Government Business Grants
Unlike traditional forms of business funding, such as loans and investments, grant money is free. However, accepting grant money typically comes with plenty of paperwork and strict guidelines.
Government business grants provide capital for small businesses to explore international markets, participate in export trade shows and more. They can also incentivize research and development activities for for-profit and non-profit small companies.
State Trade Expansion Program (STEP)
Federal grant money often comes with a lot of paperwork and specific requirements. This can include legal and administrative prerequisites as well as ongoing reporting and auditing obligations.
The STEP grant program was established by Congress in 2010 to help small businesses increase their exports. Since its inception, more than 1,800 North Carolina businesses have used grant funds to participate in international trade shows and export-related activities.
These grant funds can be used to offset costs associated with participation in foreign trade missions and market sales trips, subscriptions to services such as U.S. Commercial Service offerings and Ex-Im Bank export credit insurance, design of marketing products and campaigns for overseas markets and more. Eligible companies must be small business concerns and meet certain size criteria.
To assess SBA’s management of the STEP program, GAO reviewed the program’s authorizing legislation and guidance, analyzed STEP data and interviewed state officials. GAO found that while SBA has made some improvements, states report challenges that continue to affect their ability to use grant funds to achieve program goals.
Small Business Innovation Research (SBIR)
The Small Business Innovation Research (SBIR) program is a federal funding initiative that supports technological advancements by encouraging partnerships between small businesses and various government agencies. This program helps bridge the gap between research and development and commercialization, resulting in a positive impact on job creation and economic growth.
To be eligible, a small business must meet certain requirements, such as eligibility, research and development focus, technology readiness level, and commercialization potential. Applicants must also submit proposals through a competitive selection process, with the results of peer review evaluations determining funding decisions. Unlike traditional government contracts, SBIR funds are non-dilutive, meaning the small business retains ownership of intellectual property developed through its participation in the program.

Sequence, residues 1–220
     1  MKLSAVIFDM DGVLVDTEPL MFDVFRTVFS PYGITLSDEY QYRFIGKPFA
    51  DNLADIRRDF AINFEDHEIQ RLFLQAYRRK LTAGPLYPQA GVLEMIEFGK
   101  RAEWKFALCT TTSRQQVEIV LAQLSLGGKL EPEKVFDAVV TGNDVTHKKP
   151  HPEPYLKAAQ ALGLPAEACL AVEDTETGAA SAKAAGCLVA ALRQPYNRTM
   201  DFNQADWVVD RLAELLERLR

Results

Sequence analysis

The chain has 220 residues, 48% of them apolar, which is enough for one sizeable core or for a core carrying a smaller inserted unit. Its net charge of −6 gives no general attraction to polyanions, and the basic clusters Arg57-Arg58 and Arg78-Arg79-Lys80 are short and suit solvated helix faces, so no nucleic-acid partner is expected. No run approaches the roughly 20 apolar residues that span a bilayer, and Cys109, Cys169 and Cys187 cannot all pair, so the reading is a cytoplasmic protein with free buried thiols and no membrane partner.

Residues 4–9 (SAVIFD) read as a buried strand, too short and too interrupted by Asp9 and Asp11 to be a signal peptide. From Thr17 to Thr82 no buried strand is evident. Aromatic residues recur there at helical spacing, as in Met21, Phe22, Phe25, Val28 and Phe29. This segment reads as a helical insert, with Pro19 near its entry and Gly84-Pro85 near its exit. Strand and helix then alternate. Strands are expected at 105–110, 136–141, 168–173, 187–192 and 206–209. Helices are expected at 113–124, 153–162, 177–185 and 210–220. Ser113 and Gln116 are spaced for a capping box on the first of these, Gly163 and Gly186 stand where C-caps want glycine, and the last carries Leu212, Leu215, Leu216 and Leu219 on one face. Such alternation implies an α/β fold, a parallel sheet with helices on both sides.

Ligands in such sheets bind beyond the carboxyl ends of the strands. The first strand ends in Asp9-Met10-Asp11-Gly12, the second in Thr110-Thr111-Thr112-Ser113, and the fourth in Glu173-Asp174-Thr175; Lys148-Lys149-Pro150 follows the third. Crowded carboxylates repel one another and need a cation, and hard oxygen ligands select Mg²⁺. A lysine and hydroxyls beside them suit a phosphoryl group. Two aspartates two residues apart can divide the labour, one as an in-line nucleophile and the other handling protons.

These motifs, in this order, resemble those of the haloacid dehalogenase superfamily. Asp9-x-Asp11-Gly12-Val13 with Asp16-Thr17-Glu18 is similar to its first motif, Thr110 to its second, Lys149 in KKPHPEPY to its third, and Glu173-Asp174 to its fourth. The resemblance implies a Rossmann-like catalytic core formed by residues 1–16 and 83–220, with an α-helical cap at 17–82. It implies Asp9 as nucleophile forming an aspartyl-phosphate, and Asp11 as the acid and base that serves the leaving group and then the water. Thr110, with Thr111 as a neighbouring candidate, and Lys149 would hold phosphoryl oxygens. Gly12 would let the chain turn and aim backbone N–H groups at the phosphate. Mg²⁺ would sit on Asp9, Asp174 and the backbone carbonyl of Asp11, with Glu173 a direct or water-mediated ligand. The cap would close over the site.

In addition to funding, SBIR can help small businesses gain valuable experience by collaborating with federal agencies. Additionally, participating in the program can open doors to networking opportunities and improve their credibility and marketability among potential investors and partners.
Small Business Technology Transfer (STTR)
The STTR program helps small businesses develop technological innovations with the potential to meet government R&D needs. This program provides equity-free funding and entrepreneur support in the early or “seed” stages of research. It also promotes participation by socially and economically disadvantaged businesses.
The Air Force SBIR and STTR programs help small technology companies develop innovative technologies that will enable the Air Force to accomplish its mission. These competitive programs encourage partnering between small business concerns and non-profit U.S. research institutions to foster commercialization of innovative technology solutions.
The STTR program focuses on technology innovation and market potential, but it also recognizes that some innovations cannot be easily categorized. Therefore, it is open to proposals addressing any technology that has the potential to have high commercial and/or societal impact. Small businesses can submit an STTR Project Pitch to the NSF for evaluation. If the Project Pitch is deemed acceptable, the cognizant NSF SBIR/STTR Program Director will officially respond via email.
Texas Enterprise Fund (TEF)
The Texas Enterprise Fund is the largest deal-closing grant program in the nation. This cash grant is used as a financial incentive for companies planning a new project with significant projected job creation and capital investment, where one Texas site is competing with at least one viable out-of-state option.
Applicants undergo a rigorous 11-step due diligence review process that includes a review of the company’s financial strength and stability, business sector analysis, local community support, public and private financial support, the estimated impact on jobs and wages, as well as other factors. Ultimately, the Governor, Lieutenant Governor and Speaker of the House must unanimously support each application.
The State has awarded more than $609 million in grants since the fund’s inception. That amount could have fully funded 5,000 K-12 students or repaved 500 miles of road. Instead, it went to corporations that will likely take their money and leave when a better deal comes along.